For most individuals involved in the two outbreaks we studied, the transmission of infection was accounted for by close contact during prolonged periods, providing an opportunity for viral transmission. These social interactions are similar to large family gatherings, schools, workplaces, and churches [40,41,42]. To mitigate the impact in both outbreaks, several clinical and epidemiological measures were adopted, such as the protocol of use of personal protection equipment by care workers and resident people was reinforced; the number of people was limited by physical distancing in specific rooms and places of common use; daily monitoring of eventual symptomatic among care workers and/or resident people was performed. In addition, an active investigation was conducted to identify potential additional suspected cases and contact tracing. There were established different cohorts of confirmed cases, suspected cases, asymptomatic contacts, and the noncontact asymptomatic population; each group was isolated under specific conditions, such as isolation during the infective period or isolation while waiting for laboratorial results or quarantine during incubation period, always in different areas and sectors of their respective institutions. Respiratory samples for testing by RT-PCR were collected from every symptomatic respiratory case, including care workers, resident people, and their respective contacts during the outbreak’s follow-up period. Visits from external people did not become authorized until the outbreaks were considered controlled. Based on phylogenetic analysis, our findings support that the outbreaks reported here were caused by two independent B.1.1.7 lineage transmission clusters. Alternatively, we cannot exclude the possibility that other lineages infected the other cases that were not sequenced, owing to the higher prevalence of the gamma variant at the time [43]. However, during the clusters of SARS-CoV-2 caused by lineage B.1.1.7 in this study, the variants of interest such as lambda and mu, as well as the delta VOC, were not described in Brazil.
The elderly have a higher risk of hospitalization and fatal COVID-19 cases [44,45]. Furthermore, infection with the B.1.1.7 lineage has been associated in some studies with increased risk of COVID-19 hospitalization and death [3,4]. Although the median age of vaccinated individuals in both clusters was between 73 and 77, 23 individuals were asymptomatic and 10 experienced mild COVID-19. Similarly, a previous study in the UK with participants aged ≥70 years and vaccinated with a single dose of BNT162b2 or ChAdOx1 showed the association of vaccination with a significant reduction in symptomatic disease and severity COVID-19 [46]. Another study in an LTC facility reported that a single dose of BNT162b2 did not prevent severe or fatal COVID-19 in the elderly (median age = 88 years old) 3 weeks after the initial vaccination [47]. We report here the first fatal COVID-19 case in an 84 year old individual who received the complete series of CoronaVac vaccination. Overall, our data suggest protective effects, against severe COVID-19 and death caused by the B.1.1.7 lineage, of a single dose of ChAdOx1 or two doses of CoronaVac.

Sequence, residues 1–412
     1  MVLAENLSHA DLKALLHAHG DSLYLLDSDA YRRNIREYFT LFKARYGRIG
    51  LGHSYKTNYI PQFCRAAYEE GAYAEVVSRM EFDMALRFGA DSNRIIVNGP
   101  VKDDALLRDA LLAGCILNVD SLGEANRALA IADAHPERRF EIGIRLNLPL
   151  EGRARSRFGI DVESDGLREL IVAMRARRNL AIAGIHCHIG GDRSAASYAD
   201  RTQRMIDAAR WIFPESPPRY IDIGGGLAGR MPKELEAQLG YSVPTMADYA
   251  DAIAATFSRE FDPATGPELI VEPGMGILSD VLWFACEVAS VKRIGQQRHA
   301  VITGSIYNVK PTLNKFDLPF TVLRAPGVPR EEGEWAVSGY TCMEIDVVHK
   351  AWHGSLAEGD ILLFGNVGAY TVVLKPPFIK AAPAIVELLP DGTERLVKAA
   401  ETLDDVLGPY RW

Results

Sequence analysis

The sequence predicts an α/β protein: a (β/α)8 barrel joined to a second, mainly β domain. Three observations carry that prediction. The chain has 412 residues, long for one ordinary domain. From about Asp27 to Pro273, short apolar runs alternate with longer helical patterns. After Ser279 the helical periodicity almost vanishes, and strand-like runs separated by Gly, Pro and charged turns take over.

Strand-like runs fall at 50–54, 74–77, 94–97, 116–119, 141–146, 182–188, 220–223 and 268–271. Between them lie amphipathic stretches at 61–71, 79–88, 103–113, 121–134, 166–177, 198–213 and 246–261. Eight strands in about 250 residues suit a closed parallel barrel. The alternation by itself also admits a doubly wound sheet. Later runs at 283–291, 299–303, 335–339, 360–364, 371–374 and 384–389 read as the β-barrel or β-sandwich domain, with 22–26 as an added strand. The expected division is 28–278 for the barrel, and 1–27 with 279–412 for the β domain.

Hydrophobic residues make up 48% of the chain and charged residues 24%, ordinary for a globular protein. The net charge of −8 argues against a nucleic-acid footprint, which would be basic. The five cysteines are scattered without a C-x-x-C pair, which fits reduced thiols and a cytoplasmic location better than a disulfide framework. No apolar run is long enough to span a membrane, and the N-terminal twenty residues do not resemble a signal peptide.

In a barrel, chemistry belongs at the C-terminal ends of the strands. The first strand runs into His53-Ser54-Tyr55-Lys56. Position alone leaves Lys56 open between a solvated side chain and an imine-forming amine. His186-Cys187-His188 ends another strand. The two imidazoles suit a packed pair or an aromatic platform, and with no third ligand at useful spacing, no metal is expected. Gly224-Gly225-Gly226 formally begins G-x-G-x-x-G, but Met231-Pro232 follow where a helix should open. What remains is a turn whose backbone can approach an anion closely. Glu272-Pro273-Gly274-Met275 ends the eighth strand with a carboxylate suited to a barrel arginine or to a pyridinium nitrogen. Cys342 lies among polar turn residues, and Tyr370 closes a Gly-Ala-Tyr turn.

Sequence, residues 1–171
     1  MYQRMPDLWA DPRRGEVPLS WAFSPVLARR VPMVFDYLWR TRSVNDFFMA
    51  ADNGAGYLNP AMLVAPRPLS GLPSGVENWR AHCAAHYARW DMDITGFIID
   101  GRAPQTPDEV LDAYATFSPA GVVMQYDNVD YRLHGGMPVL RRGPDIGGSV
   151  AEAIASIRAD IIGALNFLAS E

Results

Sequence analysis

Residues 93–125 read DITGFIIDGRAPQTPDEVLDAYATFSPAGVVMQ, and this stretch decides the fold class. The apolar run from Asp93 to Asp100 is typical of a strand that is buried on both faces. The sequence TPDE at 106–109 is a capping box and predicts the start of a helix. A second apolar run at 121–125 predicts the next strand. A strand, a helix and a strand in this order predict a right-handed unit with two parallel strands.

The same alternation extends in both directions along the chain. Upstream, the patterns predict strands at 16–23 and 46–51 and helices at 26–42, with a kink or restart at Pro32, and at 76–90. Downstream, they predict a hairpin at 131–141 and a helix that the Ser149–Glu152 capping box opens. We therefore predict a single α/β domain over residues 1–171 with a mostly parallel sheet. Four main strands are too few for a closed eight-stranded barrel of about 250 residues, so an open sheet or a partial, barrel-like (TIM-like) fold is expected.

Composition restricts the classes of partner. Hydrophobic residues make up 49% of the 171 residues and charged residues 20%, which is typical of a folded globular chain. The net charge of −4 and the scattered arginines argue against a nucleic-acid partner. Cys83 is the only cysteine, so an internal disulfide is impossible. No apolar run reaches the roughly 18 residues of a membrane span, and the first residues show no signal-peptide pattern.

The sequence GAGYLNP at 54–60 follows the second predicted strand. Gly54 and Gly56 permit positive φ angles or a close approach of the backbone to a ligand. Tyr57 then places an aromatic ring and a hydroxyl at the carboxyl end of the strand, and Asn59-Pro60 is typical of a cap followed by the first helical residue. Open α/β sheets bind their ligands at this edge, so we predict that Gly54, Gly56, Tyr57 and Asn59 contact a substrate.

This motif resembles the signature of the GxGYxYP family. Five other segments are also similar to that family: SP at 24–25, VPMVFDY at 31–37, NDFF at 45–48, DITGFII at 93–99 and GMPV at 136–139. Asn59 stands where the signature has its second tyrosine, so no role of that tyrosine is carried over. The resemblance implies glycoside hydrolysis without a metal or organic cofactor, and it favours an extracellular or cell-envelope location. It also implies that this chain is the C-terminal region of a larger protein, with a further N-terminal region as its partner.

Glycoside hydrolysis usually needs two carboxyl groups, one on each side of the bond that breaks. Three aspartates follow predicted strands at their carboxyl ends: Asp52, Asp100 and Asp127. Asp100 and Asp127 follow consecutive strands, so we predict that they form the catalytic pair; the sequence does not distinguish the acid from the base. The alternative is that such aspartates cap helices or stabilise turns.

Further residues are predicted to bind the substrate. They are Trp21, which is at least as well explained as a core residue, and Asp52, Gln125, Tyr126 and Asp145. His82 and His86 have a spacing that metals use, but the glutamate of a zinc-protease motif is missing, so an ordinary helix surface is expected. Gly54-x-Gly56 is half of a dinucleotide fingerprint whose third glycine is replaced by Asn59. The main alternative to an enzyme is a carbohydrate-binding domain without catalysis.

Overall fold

A previous study in the UK reported that 90.15% of people who received the ChAdOx1 vaccine developed IgG antibodies within 3 weeks of the first dose [48]. In addition, the IgG seroconversion in the CoronaVac phase 1/2 clinical trial was between 83% and 100% depending on immunization dose [12]. Here, we reported similar findings with IgG (S-RDB) seroconversion of 95.5% and 83.3% of individuals immunized with the ChAdOx1 and CoronaVac vaccines, respectively. Since ChAdOx1 recipients develop humoral responses against the spike protein, the detection of total immunoglobulins specific against the SARS-CoV-2 nucleocapsid in ChAdOx1 recipients indicates SARS-CoV-2 infection. On the other hand, we cannot serologically access the SARS-CoV-2 infection in CoronaVac recipients because this inactivated vaccine promotes a polyclonal response to both the spike and the nucleocapsid proteins, which impairs our ability to differentiate vaccinated from infected patients using serological assays [12]. In addition, the primary efficacy against symptomatic COVID-19 was 66.7% for ChAdOx1 and 50.7% for CoronaVac, both involving a two-dose regimen [49,50]. In the two clusters presented here, we observed symptomatic SARS-CoV-2 cases in 42.9% (six of 14) and 22.7% (five of 22) of individuals vaccinated with a single dose of ChAdOx1 and two doses of CoronaVac, respectively. Despite the important limitations, such as small size, limited sites, and individuals who belong to institutional settings and who are not community dwellers, these data suggest that the efficacy of these vaccines against severity and mortality is maintained outside the clinical trial setting.